The Office for Victims Program within the Division of Criminal Justice and the University of Denver Sturm College of Law have launched a grant program intended to address an issue with nonprofit legal work that affects both law school graduates and the organizations: Nonprofit work is difficult to break into right out of school, and organizations don’t always have the funding for all the staff positions they need.
Named the Colorado Civil Justice Corps, the $2 million grant program will fund at least five two-year fellowships at nonprofits that provide civil legal services to crime victims. Those types of services can include representation in proceedings ranging from immigration to housing to employment.
Alexi Freeman, Sturm’s director of externships and public interest initiatives, said law graduates face a few obstacles to working in the nonprofit sector right out of school. For one, the high student debt loads they often carry limit the feasibility of taking public- interest jobs that don’t pay as well as private practice. But limited funds for nonprofits also means the organizations just can’t afford to hire very often, Freeman said.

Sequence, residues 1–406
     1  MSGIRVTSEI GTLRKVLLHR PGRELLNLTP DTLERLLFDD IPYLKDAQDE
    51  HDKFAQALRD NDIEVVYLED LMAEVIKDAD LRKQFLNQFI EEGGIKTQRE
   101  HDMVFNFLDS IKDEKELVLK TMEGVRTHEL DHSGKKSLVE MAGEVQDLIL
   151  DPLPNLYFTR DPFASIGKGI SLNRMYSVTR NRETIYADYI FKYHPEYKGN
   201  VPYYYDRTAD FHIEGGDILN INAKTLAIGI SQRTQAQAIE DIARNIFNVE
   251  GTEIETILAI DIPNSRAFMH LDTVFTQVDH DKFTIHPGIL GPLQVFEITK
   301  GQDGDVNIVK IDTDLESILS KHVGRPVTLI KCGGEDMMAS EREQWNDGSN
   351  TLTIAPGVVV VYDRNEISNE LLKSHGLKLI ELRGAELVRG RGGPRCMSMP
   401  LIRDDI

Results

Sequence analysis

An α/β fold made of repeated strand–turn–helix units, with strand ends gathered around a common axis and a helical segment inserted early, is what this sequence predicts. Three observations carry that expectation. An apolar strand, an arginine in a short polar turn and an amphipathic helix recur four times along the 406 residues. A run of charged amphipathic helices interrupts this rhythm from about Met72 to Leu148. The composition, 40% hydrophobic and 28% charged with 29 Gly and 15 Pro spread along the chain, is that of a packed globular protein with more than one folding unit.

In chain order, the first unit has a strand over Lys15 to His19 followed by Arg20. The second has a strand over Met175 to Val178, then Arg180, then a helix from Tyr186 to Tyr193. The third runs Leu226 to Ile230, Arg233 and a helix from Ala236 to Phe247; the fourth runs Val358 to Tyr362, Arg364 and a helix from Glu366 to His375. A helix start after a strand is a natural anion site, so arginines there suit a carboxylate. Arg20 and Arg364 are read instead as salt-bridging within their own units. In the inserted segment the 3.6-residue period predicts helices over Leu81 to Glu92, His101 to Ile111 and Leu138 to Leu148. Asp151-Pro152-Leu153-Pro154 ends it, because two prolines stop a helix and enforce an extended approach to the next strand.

“Nonprofits only have a certain amount of money to hire and sustain their attorneys, and typically they’re not getting that much money a year.” She added when nonprofits do hire, they sometimes want someone with more experience rather than a fresh law graduate.
According to data from the Legal Services Corporation, the basic field grant funding for the organization’s Colorado offices in 2016 decreased nearly 8 percent from the previous year to $4,400,976, once adjusted for census changes.
The report also states 16 percent of the state’s population was eligible the Legal Services Corporation’s assistance. The program saw its funding decrease in more than half of U.S. states in 2016.
The Legal Services Corporation’s report states about one in five people in the U.S. qualify for legal services aid. The number peaked at more than 63 million during the Great Recession, and remains about 10 percent above pre-recession numbers.
Freeman said the fellowships will give students opportunities to work directly with clients and get supervision and training from more experienced lawyers. She added students’ interests for the types of work they want to do tend to overlap with current events, so issues such as criminal justice, immigration and civil rights are popular areas. Students often want to feel connected to who they’re representing, she said.
“You have to be purposeful and intentional about putting forth these types of efforts and finding partners that do really good work and students are going to be excited to contribute to,” she said. “I think all of the [non-profit] applicants fall into those categories.”